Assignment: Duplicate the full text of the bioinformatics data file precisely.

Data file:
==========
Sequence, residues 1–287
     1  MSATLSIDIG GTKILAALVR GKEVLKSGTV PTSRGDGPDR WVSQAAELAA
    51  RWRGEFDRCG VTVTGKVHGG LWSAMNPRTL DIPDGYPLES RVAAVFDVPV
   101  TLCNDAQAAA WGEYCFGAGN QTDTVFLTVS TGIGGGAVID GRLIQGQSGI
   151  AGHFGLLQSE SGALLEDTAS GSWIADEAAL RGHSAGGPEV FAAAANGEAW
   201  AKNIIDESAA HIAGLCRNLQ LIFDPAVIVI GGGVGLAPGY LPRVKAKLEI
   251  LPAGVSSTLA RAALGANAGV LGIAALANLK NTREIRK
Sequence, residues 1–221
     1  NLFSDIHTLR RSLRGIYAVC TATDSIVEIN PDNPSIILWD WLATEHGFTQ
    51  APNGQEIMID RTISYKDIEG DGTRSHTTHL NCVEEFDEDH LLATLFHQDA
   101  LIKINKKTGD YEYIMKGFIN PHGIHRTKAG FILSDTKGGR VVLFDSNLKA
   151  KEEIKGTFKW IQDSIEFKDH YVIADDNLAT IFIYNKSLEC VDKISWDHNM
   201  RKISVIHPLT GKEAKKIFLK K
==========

Sequence, residues 1–287
     1  MSATLSIDIG GTKILAALVR GKEVLKSGTV PTSRGDGPDR WVSQAAELAA
    51  RWRGEFDRCG VTVTGKVHGG LWSAMNPRTL DIPDGYPLES RVAAVFDVPV
   101  TLCNDAQAAA WGEYCFGAGN QTDTVFLTVS TGIGGGAVID GRLIQGQSGI
   151  AGHFGLLQSE SGALLEDTAS GSWIADEAAL RGHSAGGPEV FAAAANGEAW
   201  AKNIIDESAA HIAGLCRNLQ LIFDPAVIVI GGGVGLAPGY LPRVKAKLEI
   251  LPAGVSSTLA RAALGANAGV LGIAALANLK NTREIRK
Sequence, residues 1–221
     1  NLFSDIHTLR RSLRGIYAVC TATDSIVEIN PDNPSIILWD WLATEHGFTQ
    51  APNGQEIMID RTISYKDIEG DGTRSHTTHL NCVEEFDEDH LLATLFHQDA
   101  LIKINKKTGD YEYIMKGFIN PHGIHRTKAG FILSDTKGGR VVLFDSNLKA
   151  KEEIKGTFKW IQDSIEFKDH YVIADDNLAT IFIYNKSLEC VDKISWDHNM
   201  RKISVIHPLT GKEAKKIFLK K